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How to Design Responsibly

How to Design Responsibly

Eleanor Davies | GOOD

“Dubai Shares See Biggest Fall This Year” read the headline in the business section of the BBC World Service Web site near the end of 2009. As soon as we saw it, my architect friends and I began discussing crisis and chaos in the middle east’s wealthy city state. The architects directed most of their ire at bankers.

Last year was a year of financial crisis, a year in which a very bad light was shed on the entire financial sector, and on bankers in particular. They were held responsible for the financial crisis, which is of course having detrimental effects on all other sectors, including architecture and design. Why did we designers now have to suffer? After all, hadn’t we just been minding our own business?

No doubt, bankers are very responsible for the global economic crunch, but I think the crisis is more than just a financial one. It is an unemployment crisis, a confidence crisis, a social crisis, and a creative crisis. It impacts all sectors and it was allowed to happen by all sectors, whether they acted directly or passively.

Finger-pointing can be done with little thought, interest, or self-reflection, but as recent economic reports and political actions indicate, finger-pointing alone achieves very little in the way of actual change. Bank bailouts and end-of-year bonuses highlight our persistent reliance on the financial sector, yet it seems incongruent for architects staring at newspaper images of desert skyscrapers to blame the bankers alone, as if those towers had been built by CEOs out of stacks of dollar bills.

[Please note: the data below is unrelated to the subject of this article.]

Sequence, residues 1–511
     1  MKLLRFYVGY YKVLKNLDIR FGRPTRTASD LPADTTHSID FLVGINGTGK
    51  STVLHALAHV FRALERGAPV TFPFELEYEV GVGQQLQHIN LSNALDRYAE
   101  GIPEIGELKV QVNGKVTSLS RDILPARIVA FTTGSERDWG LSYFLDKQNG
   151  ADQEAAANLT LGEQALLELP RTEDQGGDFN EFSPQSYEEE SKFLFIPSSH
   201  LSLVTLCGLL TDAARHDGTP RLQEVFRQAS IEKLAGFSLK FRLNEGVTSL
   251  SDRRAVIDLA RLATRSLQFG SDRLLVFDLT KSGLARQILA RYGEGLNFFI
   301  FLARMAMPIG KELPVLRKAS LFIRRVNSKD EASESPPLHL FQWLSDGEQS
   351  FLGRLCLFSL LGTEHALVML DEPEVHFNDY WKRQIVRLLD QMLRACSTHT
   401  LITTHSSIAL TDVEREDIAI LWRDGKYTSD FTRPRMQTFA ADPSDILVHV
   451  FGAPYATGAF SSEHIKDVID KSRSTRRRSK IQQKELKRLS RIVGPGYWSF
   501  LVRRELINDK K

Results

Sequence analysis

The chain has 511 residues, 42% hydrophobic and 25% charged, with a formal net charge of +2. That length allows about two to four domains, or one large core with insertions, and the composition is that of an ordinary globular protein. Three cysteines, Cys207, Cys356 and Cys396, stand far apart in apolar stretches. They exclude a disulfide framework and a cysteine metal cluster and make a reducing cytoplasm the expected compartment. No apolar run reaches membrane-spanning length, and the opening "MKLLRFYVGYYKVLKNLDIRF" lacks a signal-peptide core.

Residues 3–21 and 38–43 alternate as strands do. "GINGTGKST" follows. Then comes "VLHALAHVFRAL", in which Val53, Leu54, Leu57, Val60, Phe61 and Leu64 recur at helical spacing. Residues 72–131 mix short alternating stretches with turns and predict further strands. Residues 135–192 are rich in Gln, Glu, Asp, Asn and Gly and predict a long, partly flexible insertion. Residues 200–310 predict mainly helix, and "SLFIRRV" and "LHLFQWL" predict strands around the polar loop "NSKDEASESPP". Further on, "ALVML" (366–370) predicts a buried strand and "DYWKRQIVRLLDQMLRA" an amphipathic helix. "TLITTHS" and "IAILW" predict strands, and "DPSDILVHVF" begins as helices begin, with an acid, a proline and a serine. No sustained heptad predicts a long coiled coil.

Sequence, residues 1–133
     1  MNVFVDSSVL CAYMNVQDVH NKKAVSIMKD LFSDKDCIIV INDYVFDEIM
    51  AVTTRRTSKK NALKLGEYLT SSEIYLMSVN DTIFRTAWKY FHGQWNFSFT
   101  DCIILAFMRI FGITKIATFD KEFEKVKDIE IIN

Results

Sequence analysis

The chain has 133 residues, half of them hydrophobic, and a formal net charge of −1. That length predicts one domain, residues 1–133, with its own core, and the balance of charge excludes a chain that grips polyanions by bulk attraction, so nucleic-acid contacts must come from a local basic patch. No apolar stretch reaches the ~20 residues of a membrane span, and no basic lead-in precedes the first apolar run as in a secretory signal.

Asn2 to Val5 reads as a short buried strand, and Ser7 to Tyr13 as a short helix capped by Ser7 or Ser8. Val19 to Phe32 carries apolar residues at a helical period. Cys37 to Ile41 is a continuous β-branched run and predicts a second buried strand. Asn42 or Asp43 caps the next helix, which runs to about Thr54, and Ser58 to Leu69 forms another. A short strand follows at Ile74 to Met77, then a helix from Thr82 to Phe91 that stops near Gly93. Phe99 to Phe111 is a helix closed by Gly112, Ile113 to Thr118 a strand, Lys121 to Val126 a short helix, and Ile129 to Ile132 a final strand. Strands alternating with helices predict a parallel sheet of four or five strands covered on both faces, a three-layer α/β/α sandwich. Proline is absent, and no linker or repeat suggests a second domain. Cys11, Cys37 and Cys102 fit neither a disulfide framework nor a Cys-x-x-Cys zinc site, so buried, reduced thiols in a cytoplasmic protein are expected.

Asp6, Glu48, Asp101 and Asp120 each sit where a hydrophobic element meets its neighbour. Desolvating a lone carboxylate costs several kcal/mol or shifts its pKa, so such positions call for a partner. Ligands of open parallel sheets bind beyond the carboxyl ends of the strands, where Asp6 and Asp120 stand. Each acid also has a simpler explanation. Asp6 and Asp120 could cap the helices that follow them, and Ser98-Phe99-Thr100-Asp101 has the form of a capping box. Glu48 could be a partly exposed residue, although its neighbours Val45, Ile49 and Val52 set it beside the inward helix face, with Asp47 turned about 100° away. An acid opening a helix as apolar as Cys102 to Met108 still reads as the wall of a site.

Dubai’s skyline is filled with iconic structures designed by Western firms, the very firms now suffering the effects of financial instability on a scale comparable to Dubai’s loan defaults—loans provided, in part, by the West’s financial sector.

In the design field, we regularly despair about a lack of quality products, a lack of local manufacturing, a lack of value given to design, and a lack of concern about the detrimental effects of mass production and consumption. But then we find ourselves working within an industry that continues to issue instructions for ever-more products to be produced at ever-lower costs, in distant factories, for ever-lower need. And we do so without asking very many questions.

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